The most amazing dish has to be the striped bass ($23), an entrée that I’ve thought about again and again since eating it. The bass is a tender, flavorful piece of fish served with enoki mushrooms and crunchy black rice. What makes this dish is the dashi, a Japanese-style broth infused with pine needles, which the server pours on top of the fish.
The End is typically a chocolate dessert and a cheese platter. For the former, I tried the pudding ($8), which comprised bite-sized pieces of heavenly salted-chocolate ganache served with a smear of goji-berry sauce, creamy white homemade coconut sorbet, a citrus foam, toasted hazelnuts and a pile of curried cookie streusel on the side.
The cheese selections ($8) change often. There are two; they were highlighted with quince paste and powdered bacon (which looked like talcum powder), an unexpected reminder of Sousa’s alchemy days.
I’ve heard this gripe from several diners: The cheese plate is not served with bread, crackers or fruit (with the exception of a few sliced grapes as garnish). Although Sousa counters by saying that bread would distract the diner from the flavors of the cheese, it’s hard to eat cheese without something to cut the richness.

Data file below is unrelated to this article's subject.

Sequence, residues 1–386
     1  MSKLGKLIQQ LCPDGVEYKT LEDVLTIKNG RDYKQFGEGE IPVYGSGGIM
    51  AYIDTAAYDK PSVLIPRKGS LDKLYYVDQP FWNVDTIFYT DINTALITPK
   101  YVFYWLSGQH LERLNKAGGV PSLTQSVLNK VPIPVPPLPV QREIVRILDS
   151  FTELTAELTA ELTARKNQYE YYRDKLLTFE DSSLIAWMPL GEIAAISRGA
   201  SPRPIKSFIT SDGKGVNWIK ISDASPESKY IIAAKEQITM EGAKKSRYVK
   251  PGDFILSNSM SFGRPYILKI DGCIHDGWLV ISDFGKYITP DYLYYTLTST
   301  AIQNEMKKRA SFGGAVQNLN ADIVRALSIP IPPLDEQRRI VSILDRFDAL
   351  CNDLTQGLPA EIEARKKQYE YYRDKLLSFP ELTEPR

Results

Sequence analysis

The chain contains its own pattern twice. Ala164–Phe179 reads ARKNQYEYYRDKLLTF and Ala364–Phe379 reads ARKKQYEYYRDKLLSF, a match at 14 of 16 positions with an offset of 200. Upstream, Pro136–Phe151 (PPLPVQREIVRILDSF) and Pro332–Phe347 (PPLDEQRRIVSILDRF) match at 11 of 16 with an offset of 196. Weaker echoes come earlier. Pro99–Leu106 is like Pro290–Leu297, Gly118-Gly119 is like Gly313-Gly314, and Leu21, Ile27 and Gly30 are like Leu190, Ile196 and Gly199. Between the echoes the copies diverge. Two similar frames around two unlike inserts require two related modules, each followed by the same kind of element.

The aspiration to create several items done very well carries over to the bar. Fewer than 10 cocktails ($10), each with a different alcohol base like gin or sake are available per night. Like the food, the cocktails are carefully crafted, with homemade bitters and juices. The Boyd & Blair Vodka with Chartreuse liqueur is sweet and pungent with ginger—although not cold enough for my taste.
Sousa credits mixologists Maggie Meskey and Summer Voelker as the creative forces behind this component at Salt of the Earth.
You will find a fairly large (by Salt standards) offering of wines by the glass. I loved the clean, crisp taste of the Fritz Sauvignon Blanc 2009 ($10) and the fruity, mellow Cuvaison Pinot Noir 2007 ($13). Four draught beers ($5) are also available.
Traditional flavors and ingredients are present at Salt of the Earth, but the creations are a cut above. “We cannot be everything to everyone, but we are trying to do the things we do really well,” says Sousa.
5523 Penn Ave., Garfield (Pittsburgh 15206); 412/441-7258, saltpgh.com. Mon.-Sat., 5 p.m.-1 a.m.; kitchen closes at midnight. Starters: $8-$13; Mains: $12-$23; End: $8. Mixed drinks and wine list, major credit cards accepted, reservations for upstairs, wheelchair-accessible, gluten-friendly dishes, will seat past 10:30 p.m., offers vegetarian entrées, no smoking, parking lot next to restaurant and on street.